I use the '$PID and $FD trick' in a script so VLC can open these files on my parents computer. They start the flash app in the browser, press pause to let it buffer the video and click on a script. VLC then opens mentioning the fd and then they click on it to display the video in full screen at full quality.

          If I let Flash render the video it's choppy and skippy, since everything is apparently done on the CPU. While VLC offloads it to the GPU (nouveau!). So the computer is able to meet today's demands. However, things have turned out bad when it comes to video streaming.

          Originally posted by GreatEmerald
          So, the elegance of using tmpfs is to have misbehaving programs fill your entire RAM instead of your root partition? I fail to see the logic in that. Again it seems like you can't have a third option, it's either one or the other.
          I did not say or imply that. I said it would be an elegant solution if there were no such programs exhibiting this behaviour. And if they (mistakenly) did, the consequences would not be huge since I limit tmpfs usage to about 25% of system RAM.

          However, Flash is doing this on purpose and I cannot make it change it's behaviour unless I apply the '/tmp/tmp' trick which is IMHO not 'nice'.

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          • #20
            Originally posted by Rexilion View Post
            I use the '$PID and $FD trick' in a script so VLC can open these files on my parents computer. They start the flash app in the browser, press pause to let it buffer the video and click on a script. VLC then opens mentioning the fd and then they click on it to display the video in full screen at full quality.
            That's pretty clever. I typically don't need that when dealing with YouTube, as VLC can open its streams directly, but it's an interesting way of doing it for unsupported websites.


            Originally posted by Rexilion View Post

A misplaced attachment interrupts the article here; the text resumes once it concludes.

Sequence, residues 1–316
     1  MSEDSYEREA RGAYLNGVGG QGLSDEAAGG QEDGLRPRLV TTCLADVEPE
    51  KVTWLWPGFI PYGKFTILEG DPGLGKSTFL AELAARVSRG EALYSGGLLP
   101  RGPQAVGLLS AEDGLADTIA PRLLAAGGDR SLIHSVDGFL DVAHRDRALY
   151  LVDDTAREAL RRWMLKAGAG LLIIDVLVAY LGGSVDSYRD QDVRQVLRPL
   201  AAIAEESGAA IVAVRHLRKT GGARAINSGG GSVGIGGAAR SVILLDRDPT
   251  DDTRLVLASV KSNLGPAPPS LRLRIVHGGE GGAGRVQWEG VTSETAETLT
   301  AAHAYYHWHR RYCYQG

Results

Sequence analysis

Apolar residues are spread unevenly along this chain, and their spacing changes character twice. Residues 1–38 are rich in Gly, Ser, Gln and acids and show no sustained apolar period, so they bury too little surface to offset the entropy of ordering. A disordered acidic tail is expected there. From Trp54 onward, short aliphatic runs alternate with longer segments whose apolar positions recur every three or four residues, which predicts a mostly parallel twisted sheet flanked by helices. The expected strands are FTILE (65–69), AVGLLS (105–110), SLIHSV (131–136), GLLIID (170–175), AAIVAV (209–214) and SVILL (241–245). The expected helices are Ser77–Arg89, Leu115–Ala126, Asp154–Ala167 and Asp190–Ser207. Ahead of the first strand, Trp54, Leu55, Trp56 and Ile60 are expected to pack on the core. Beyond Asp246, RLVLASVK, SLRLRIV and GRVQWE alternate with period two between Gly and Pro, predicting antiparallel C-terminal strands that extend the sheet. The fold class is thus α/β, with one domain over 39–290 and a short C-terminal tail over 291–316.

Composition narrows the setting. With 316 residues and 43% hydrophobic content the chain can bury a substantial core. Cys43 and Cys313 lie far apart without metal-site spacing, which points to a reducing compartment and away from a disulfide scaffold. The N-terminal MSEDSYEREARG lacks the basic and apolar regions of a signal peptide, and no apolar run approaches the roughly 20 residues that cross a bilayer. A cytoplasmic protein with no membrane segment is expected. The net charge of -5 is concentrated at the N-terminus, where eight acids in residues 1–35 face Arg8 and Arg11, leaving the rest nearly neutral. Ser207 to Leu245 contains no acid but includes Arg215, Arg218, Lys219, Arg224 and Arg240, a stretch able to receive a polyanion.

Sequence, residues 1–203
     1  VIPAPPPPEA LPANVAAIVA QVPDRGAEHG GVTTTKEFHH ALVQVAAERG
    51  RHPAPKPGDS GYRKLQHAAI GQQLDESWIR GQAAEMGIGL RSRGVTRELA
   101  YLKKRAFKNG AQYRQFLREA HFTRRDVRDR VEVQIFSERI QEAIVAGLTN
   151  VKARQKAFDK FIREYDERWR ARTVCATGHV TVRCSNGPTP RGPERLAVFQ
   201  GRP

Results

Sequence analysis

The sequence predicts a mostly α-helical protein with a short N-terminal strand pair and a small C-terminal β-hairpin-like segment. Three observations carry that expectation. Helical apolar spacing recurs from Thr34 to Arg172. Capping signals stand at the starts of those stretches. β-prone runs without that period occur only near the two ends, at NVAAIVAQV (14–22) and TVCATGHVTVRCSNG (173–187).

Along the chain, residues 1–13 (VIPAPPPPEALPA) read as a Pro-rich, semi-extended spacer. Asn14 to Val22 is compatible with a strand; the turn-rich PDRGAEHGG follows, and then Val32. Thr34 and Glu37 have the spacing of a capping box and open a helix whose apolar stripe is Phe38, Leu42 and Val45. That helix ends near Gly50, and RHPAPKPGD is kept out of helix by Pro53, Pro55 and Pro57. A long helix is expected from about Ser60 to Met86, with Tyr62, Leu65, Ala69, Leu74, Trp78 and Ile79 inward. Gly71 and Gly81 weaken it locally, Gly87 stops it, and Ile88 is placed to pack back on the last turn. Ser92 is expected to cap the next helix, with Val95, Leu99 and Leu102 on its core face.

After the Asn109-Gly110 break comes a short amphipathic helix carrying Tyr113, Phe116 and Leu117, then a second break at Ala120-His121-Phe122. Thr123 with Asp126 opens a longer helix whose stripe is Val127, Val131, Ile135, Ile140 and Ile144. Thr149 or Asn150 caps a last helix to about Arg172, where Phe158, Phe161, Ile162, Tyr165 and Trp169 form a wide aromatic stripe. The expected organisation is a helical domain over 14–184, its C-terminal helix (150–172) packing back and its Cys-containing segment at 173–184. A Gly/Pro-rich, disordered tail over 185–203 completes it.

However, Flash is doing this on purpose and I cannot make it change it's behaviour unless I apply the '/tmp/tmp' trick which is IMHO not 'nice'.
            Oh, so you mean that you'd rather save some disk space while sacrificing some RAM if possible, but if not, have it write to disk? But then doesn't that happen already when using tmpfs with a swap partition/file?

            And of course, the trick is not nice, but then your case is fairly isolated. There are few people with old PCs that use tmpfs and watch Flash videos. And since Flash is proprietary, not much can be done about it (unless you switch to Gnash/Lightspark).

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            • #21
              Originally posted by GreatEmerald View Post
              And since Flash is proprietary, not much can be done about it (unless you switch to Gnash/Lightspark).
              Edit the binary and replace every instance of "/tmp/" with "/flv/"?

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              • #22
                Originally posted by GreatEmerald View Post
                That's pretty clever. I typically don't need that when dealing with YouTube, as VLC can open its streams directly, but it's an interesting way of doing it for unsupported websites.